By Kate Merrill

LINCOLN (CBS) – It Happens Here in Lincoln. Seventeen miles west of Boston, it is home to the deCordova Sculpture Park and Museum and the home of famed German architect Walter Gropius.  Lincoln is also where Paul Revere was briefly held captive during his famous midnight ride.

Not far from that historic spot, teens from around Greater Boston are getting their hands dirty to help tackle a major social problem.

READ MORE: Popular New Hampshire Ice Castles Expanding For Ninth Season

“We are learning a lot about food insecurity and how a lot of families don’t know where their next meal is coming from,” said Tate Gordon of Winchester.

Gordon is working for The Food Project, a non-profit that hires teens from diverse backgrounds each summer. They learn sustainable farming practices and help grow 200,000 pounds of food every year for under-served communities.

The Food Project (WBZ-TV)

“The Food Project provides and awesome opportunity to come out here and work on the farm and also learn how the world works,” said Gordon’s supervisor and Food Project Alum, J.P. Pagan.

Pagan leads Gordon and a group of five other teens on what’s called the root crew. They are program veterans and do a lot of the heavy lifting.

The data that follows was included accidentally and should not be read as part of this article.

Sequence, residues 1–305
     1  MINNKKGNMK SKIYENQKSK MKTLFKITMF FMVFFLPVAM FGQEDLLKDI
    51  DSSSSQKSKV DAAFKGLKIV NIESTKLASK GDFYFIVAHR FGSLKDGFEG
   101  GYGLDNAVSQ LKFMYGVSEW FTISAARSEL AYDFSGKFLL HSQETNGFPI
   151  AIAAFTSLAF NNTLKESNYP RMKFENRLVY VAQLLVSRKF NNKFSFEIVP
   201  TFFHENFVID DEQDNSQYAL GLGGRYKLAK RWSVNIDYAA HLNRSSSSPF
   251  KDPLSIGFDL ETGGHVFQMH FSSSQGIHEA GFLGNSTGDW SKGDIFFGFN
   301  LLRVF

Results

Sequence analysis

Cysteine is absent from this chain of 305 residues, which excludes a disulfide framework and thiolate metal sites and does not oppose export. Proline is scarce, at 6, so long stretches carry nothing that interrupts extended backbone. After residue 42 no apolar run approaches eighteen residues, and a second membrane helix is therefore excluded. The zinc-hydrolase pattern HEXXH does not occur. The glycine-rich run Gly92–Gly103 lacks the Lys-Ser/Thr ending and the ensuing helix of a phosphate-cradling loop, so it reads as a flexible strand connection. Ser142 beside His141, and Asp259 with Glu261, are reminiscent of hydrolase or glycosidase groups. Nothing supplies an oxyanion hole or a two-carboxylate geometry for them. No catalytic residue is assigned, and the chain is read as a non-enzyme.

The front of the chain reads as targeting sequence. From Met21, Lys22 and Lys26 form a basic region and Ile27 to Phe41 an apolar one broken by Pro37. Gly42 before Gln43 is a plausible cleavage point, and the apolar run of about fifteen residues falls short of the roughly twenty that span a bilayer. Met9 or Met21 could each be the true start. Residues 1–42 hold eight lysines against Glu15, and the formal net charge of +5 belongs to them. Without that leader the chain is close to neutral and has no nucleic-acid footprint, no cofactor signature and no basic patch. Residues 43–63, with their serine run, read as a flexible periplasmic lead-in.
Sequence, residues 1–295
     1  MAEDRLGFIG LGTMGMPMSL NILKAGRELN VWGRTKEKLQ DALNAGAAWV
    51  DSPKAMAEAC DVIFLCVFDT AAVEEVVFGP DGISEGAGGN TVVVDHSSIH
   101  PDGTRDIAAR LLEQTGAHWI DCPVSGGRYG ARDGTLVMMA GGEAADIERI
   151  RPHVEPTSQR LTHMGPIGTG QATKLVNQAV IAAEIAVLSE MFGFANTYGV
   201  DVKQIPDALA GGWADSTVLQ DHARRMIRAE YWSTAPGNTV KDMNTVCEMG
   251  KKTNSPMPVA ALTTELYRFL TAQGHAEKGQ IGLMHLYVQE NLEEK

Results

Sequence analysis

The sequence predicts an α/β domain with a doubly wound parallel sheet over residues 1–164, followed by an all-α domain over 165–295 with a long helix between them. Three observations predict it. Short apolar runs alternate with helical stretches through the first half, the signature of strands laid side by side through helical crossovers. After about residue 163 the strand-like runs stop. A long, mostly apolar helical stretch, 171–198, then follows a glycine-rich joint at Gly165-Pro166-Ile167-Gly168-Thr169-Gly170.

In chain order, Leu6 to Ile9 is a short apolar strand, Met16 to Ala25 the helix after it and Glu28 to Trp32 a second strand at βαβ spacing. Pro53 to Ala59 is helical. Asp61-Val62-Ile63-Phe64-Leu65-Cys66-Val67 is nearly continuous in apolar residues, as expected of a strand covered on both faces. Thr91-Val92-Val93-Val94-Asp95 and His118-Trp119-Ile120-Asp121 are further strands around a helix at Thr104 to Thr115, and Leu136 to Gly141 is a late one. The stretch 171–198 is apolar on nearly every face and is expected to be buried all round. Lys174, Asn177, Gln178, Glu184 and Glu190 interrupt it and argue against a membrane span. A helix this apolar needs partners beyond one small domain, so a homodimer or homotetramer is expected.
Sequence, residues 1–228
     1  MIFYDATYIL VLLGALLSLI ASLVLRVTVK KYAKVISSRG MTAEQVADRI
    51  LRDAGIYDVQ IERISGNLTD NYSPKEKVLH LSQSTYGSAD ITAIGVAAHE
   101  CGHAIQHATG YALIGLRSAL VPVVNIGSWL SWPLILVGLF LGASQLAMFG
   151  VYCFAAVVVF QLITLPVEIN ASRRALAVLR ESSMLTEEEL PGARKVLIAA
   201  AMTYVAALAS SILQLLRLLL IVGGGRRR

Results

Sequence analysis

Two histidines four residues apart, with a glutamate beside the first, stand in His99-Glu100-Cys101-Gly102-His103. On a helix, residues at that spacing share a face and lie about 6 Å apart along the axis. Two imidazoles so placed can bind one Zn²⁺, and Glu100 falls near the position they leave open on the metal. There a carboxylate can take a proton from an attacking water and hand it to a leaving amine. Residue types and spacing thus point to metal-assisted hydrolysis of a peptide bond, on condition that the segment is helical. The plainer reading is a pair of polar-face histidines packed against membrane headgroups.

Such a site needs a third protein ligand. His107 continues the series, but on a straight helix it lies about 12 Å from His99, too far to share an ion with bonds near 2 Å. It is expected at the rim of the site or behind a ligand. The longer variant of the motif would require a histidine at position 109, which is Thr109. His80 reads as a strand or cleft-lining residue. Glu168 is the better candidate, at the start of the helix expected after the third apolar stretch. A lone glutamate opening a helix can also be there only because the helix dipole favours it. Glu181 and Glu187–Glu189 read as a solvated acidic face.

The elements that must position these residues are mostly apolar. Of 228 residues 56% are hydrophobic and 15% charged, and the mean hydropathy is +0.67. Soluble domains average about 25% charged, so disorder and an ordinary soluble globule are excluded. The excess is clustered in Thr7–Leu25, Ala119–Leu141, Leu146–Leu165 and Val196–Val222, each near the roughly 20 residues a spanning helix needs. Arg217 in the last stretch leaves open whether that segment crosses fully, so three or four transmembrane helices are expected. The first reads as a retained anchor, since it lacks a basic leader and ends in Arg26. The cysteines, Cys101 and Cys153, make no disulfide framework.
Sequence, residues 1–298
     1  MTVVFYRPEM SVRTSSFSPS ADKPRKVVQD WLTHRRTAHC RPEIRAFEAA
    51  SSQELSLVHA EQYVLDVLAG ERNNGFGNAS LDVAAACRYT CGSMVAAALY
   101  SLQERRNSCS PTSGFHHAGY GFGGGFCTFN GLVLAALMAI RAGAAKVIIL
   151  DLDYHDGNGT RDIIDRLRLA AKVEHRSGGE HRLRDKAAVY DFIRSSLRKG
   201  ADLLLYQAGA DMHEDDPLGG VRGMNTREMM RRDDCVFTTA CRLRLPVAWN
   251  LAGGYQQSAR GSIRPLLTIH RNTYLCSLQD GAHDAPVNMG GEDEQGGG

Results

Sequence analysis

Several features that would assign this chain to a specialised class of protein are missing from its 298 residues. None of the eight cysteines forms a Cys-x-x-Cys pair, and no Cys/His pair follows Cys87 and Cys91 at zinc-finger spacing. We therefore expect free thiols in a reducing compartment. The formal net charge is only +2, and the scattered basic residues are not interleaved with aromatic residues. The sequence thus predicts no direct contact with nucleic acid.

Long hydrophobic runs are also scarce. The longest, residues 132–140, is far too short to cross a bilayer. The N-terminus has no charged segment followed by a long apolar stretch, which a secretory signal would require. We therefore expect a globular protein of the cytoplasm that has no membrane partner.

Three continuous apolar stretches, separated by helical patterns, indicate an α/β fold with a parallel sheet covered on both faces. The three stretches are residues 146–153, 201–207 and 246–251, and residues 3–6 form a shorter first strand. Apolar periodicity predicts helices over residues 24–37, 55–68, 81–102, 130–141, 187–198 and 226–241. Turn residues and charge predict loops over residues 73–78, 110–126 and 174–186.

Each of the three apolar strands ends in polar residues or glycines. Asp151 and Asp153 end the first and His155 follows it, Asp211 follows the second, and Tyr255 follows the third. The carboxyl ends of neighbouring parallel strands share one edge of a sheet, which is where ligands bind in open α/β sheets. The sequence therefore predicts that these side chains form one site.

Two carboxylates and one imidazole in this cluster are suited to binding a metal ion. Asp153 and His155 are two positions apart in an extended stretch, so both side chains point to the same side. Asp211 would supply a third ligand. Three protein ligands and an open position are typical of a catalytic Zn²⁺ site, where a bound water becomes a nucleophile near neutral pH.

When we caught up with them, they were harvesting patty pan squash and cucumbers.  The seed crew is made up of younger kids who are new to the program.

They work on tasks like weeding when they are not busy in workshops learning about social justice issues.

READ MORE: Mother Of Missing Boy Elijah Lewis, Boyfriend Plead Not Guilty To Charges In Case In New Hampshire Court

The sun is hot and the work is hard, but you won’t hear them complaining. These kids develop strong bonds and seem to have fun working the fields together.

They say they’ve also learned a lot about differing points of view because of the racial and socio-economic diversity of the crew members.

The work is not all focused on the farm. Part of the Food Project’s mission is to improve access to healthy foods in the inner city, so the teens sell their vegetables at a farmer’s market in Roxbury.

They also reach out to corner stores to encourage owners to carry what they grow, even offering a discount to families who receive food assistance.


“If you go to a corner store, the cheapest thing there is a bag of chips, so we are trying to get healthy foods into these diets, rather than whatever is cheapest,” Gordon said.

They also serve their food at a number of hunger relief organizations around the state.

Pagan, who is now 21, has been with The Food Project since he was 14, and believes this program has been an important part of shaping who he is.

MORE NEWS: Wellesley High School Parents Want Tougher Punishment For Students Involved In Brutal Attack On Teen

“The relationships that I have built with these people are forever, this is like my second home,” he said.

Kate Merrill